#1
I was searching Google for my Dad today, he asked me to see if I could find a 14-inch guitar/bass speaker ever made (because a guy at his work was talkin' about music and stuff and my dad is 99% positive, but he just was curious) and I ran across this.

http://cse.ssl.berkeley.edu/lessons/indiv/regan/piepanlab.html

Its meant for kids, but if I wound the coil enough, and used a big/strong enough magnet, could I make a cab with these? Just as a "Look what I can make". Im not even expecting a crap sound, but It was like, I have cardboard boxes around, so I could make a cab with that, or whatever. I dont have a job right now, and I get bored, and half the stuff I have laying around.

Also, anybody know if a mass-manufactured 14-inch guitar/bass speakers exist? Just for my Dad's info. We're both positive they don't.
#4
About the 14 Incher: We both thought 15 right off the bat, but today, (again) he started talking about playing with Chuck Berry (dont ask) and he repeated 14 inch. He's totally lying about the Chuck Berry thing, so this is possible with the 14 inch speaker as well, but we thought we would search.

About the Pie Pan: The only problem I can see would be Ohms, I know you can push uphill with an Amp Head, but you can push downhill, so Sub_urban12, we would need to use a low Ohm-age amp head or find a way to make these speakers meet a normal Ohm measurement, which to me, seems like big magnets/big coils.

I need to get the wire and magnets, as I want to try with a bunch of different kinds, but I should have the rest soon. If you do do anything, Sub_urban12, post something up, or soundclips.
#5
Hi Joe-White,

You can make one of those. Just don't expect it to sound any more "hi-fi" than this:



Or this:



I've never seen a 14" speaker, so I can't verify that they exist.

15", and 18", of course. I've even seen a 30".
(EV used to make one. They used it in a speaker system called "the Patrician".
Meadows
Quote by Jackal58
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Quote by SK8RDUDE411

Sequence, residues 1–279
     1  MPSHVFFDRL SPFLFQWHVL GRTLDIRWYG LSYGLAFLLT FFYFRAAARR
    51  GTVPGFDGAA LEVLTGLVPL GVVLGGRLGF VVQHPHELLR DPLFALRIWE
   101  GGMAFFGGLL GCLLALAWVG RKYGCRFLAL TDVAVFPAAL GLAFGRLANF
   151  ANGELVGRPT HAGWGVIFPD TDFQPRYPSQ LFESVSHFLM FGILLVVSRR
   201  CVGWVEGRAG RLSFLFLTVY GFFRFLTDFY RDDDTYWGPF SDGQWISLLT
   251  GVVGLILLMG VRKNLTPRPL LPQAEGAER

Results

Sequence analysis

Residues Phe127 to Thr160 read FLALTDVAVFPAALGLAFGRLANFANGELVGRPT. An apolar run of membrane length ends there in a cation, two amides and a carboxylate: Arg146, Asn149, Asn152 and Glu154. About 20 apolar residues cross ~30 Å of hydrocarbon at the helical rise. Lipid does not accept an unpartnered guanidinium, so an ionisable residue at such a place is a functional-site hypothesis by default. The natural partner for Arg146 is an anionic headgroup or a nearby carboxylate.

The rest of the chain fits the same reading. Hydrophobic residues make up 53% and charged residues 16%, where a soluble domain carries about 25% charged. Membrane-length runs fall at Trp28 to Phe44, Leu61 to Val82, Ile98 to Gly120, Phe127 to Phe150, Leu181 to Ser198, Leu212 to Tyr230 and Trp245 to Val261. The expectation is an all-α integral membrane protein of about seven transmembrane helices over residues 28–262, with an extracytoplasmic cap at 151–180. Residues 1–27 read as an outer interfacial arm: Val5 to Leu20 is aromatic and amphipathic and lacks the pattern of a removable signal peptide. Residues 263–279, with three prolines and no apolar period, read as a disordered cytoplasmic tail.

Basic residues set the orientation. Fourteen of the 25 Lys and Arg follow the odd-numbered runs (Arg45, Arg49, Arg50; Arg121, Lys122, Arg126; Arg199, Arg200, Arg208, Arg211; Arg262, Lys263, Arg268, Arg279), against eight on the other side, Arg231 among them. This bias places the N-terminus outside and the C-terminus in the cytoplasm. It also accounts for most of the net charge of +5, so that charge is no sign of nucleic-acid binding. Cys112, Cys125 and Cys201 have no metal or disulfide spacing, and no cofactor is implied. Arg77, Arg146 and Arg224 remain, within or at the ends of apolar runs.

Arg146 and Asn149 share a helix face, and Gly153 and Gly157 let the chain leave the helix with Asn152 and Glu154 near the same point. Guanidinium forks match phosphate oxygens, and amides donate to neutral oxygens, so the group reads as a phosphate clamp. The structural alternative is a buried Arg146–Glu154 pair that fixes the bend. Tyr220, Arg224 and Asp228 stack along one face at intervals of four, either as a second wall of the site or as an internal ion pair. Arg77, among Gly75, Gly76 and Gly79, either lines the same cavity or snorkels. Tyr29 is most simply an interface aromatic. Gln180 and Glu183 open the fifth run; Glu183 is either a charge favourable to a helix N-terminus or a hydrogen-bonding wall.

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#6
LOL @ SomeoneLikeYou

I wasnt expecting much out of cardboard, pie pans and wire, but what can I say, I get super bored.

And if it doesnt sound 'hi-fi', I think I might like it even more, as I like that 'lo-fi' sound, its actually why I still record on to tape. My dad has an old reel-to-reel (sp?) that he said I can use, I just dont know where to get the tape disk things for it, or how to use it.
#8
Quote by Masonpwiley
That would be better than the cardboard box + computer speakers cab.


Its where I got my inspiration with the cardboard cabinet.

I talked to my dad about the idea, and he asked me if I needed to be drug tested, and we all had a laugh.

But I asked him about the coil the plans call for, and I suggested that it needed to be so many wraps for it to read a certain Ohm reading, and he said it made sense hypothetically, and he said I could continue on if I want, but it'll probably end up being crap, or not working, then I just wasted time.

I think Im going to go forward with it as planned. Can any electricity/pickup guru help me out with the coil and readings and all that jazz? I know enough about electronics and stuff, but this seems like it would be a little more advanced than what Ive learned from trying to repair various broken electronics around the house.
#9
The impedance of the system will probably be a little greater than the DC resistance, but I wouldn't worry about that. Just use DC resistance in designing the coil, and call it close enough.

You'll want enameled magnet wire. The enamel coating insulates the windings from each other so they don't short together. It's thin so the winding can be close together.
You'll need to dissolve the coating at the ends with strong solvent, so you can solder to the copper underneath. Practice doing this BEFORE you make the coil.

Select a size from the table in this link:

http://www.interfacebus.com/Copper_Wire_AWG_SIze.html

For instance: 100 ft of 28 gauge wire will give you a resistance of about 6.6 ohms.

If you're winding on a form that has a 1" diameter, the circumference is 3.14"

Divide the length (1200 inches) by the circumference (3.14 inches)

In this case, approximately 382 turns. It will actually come out to less than that, because the circumference increases as you wind the coil.

Make sure your form is a little larger in diameter than the magnet. If you make it too close, it will scrape, if not perfectly aligned. If you make it too much larger than the magnet, the field will be weaker, so you won't get as much movement for the same amount of current in the coil.

The more turns you have, the better, but at some point, the coil will get so large the outer windings will be so far away that the field will be weak. I would guess around 100 turns should be a reasonable target.

This won't be a very efficient speaker, and you will probably melt the coil if you put too much current through it. But it will make sound. You'll be able to say you made a speaker from scratch.

That should be enough to get you started.

Good luck,
SYK
Meadows
Quote by Jackal58
I release my inner liberal every morning when I take a shit.
Quote by SK8RDUDE411
I wont be like those jerks who dedicate their beliefs to logic and reaosn.
#10
You can always increase the resistance with an inline resistor. Obviously you will lose a little power but at least you can get the resistance up.